JOPLIN, Mo. —
Now that we’re in the homestretch of the election season, the volume is going to get louder. The mudslinging and name-calling will escalate, not only from the candidates, but also from their supporters and the cable news networks.
Those fights can even happen at home. After all, voters have families, too, and it’s possible that not everyone in a particular family views politics the same way.
Are families destined to argue until after Election Day? Joplin family counselors say no, not quite -- there are easy ways to make sure that families stay together, even though they vote apart.
“When you’re in a family, most everyone knows what the politics are already,” said Dr. Doug Brooks, a psychologist with Behavior Management Associates. “There’s probably no serious disruption from differing political views.”
Families in transition face the biggest risk of political power struggles, Brooks said, explaining that new families might have problems as in-laws get to know each other.
But for the most part, politics are only one of a handful of issues that families face, he said. In fact, both Brooks and Adrea Hobbs, a licensed professional counselor with Healing the Family Center, said they have never worked with a family who came in because of political disagreements.
“I know politics come up with a family,” Hobbs said. “I work with a lot of people having other types of challenges, though.”
That leads to the first way families can keep political bickering to a minimum: Remember that it’s just another subject of argument. And if a family can’t discuss it without getting angry, it shouldn’t discuss it at all -- just like any other issue.
“Just like a family budget, political belief systems could become part of a family conflict,” Brooks said. “We get more emotional about things such as politics, so it might have more of an impact on the negativity of interaction around it.”
Sometimes arguments happens just for the sake of argument, Hobbs said. She said that someone in her own family would always take the opposite side of a discussion -- she’d hear them speak passionately about one side, then talk about the same issue with someone else and take the opposite position.
So if family members really want to discuss issues and hash them out, Hobbs recommends setting ground rules.
“Set aside a certain amount of time for one to talk, and the others have to listen,” Hobbs said. “Don’t raise voices and don’t use put-down words.”
Brooks said to look out for red flags that would indicate someone is starting to take a discussion much more seriously than everyone else.
“Voices take on an edge, and there are other cues that tell you people are getting intense and likely to escalate with anger,” Brooks said. “If you spot that, stop and say, ‘things aren’t going anywhere good.’”
If these tips sound familiar, it’s because they are the same strategies used to address any family conflict, Brooks said. Because a political argument is really just another type of fight.
So treat political disagreements as intellectual exercises, and nothing more, Brooks recommends.
Hobbs said a sense of humor helps, as well.
“We have more fun (in my family) with our discussions, and do a lot more humor,” Hobbs said. “If you can laugh about things, it helps a lot.”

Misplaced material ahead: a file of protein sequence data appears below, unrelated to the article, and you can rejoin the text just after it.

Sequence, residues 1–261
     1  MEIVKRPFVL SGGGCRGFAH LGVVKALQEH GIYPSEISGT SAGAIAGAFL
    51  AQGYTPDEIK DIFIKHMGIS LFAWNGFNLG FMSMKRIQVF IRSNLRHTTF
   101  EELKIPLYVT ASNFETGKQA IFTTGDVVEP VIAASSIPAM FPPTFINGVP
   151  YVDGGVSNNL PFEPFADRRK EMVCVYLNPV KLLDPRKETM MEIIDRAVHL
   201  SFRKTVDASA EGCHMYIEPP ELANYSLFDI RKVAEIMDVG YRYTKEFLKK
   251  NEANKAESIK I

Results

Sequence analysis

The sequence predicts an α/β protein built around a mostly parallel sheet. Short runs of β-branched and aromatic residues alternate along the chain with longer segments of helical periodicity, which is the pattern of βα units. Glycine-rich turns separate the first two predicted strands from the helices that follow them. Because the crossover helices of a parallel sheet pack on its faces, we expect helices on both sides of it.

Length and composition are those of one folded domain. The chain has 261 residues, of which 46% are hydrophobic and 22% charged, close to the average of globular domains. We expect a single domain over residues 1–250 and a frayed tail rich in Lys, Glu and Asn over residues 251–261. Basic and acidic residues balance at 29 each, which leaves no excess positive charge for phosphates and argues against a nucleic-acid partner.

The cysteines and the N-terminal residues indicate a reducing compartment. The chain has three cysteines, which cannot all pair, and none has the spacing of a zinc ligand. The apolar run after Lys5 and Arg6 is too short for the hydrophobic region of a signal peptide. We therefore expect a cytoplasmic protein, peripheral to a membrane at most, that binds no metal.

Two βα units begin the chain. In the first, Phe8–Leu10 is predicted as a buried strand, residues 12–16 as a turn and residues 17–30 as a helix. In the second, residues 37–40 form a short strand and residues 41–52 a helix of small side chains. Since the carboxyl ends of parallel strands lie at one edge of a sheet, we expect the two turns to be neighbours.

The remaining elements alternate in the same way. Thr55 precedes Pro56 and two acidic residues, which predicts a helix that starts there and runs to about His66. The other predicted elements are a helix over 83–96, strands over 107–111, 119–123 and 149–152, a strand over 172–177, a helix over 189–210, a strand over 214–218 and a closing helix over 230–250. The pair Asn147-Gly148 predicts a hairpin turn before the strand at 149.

What do you do?
We asked the Globe’s Facebook fans how they handle political arguments. Here are some of the responses they gave us:
- Kelly Maddy: We talk about it like adults, more than I can say for those we vote for.
- Allison Golay Riddle: We just agree not to talk about it much.
- JG Bricker: We handle it the old fashioned way: with sticks and rocks.
- Julie Moss: Who ever yells the loudest wins. It’s usually my dad.
- Niki Corcoran: If it turns into a serious discussion, I just smile and nod until I can break away. Very passive aggressive. Yelling usually occurs anyway.
- Tammy Cook: Since this is my daughter’s first time to vote, I tell her to choose who she thinks is best. Just because I may or may not agree doesn’t mean she has to go with who I choose. We discuss the issues and then I tell her to use her own mind.
- Michael Bell: That depends on what is at stake and who the nominees are.
- Marilyn Marshall-Six: We don’t allow hate speech of any kind in our house and we discuss all of the issues, both parties, both candidates and how others, not just our family, will be affected.
- Aaron DuRall: We do not have them anymore.
- Michael Woodruff: In our house, politics is a daily thing even when it isn’t election season. That’s one of the things I like about my wife. We totally disagree on politics, but every time she wants to debate, I am reminded why I love her. We both have educated opinions.
- Ben Thompson: Any email from my father-in-law with Fwd: in the subject line I delete immediately without opening. Good for the blood pressure.
- Gus Carson: With one exception, my family and friends agree that we won’t agree on much. Then we smile, have some good gestured kidding, then we move on.
- Pamela Lin Eggers: We discuss everything with our two teens. This will be their future. They have to know our opinions and we have to help them to develop theirs.
- Jordan Metcalf: My family is very big on education, particularly math and science. We discuss things typically according to burden-of-proof formats.
- Gloria Bridges: Gotta know your history and current events. Then we have a debate around a fire outside and iced-down beers in the cooler. Some cussing permitted.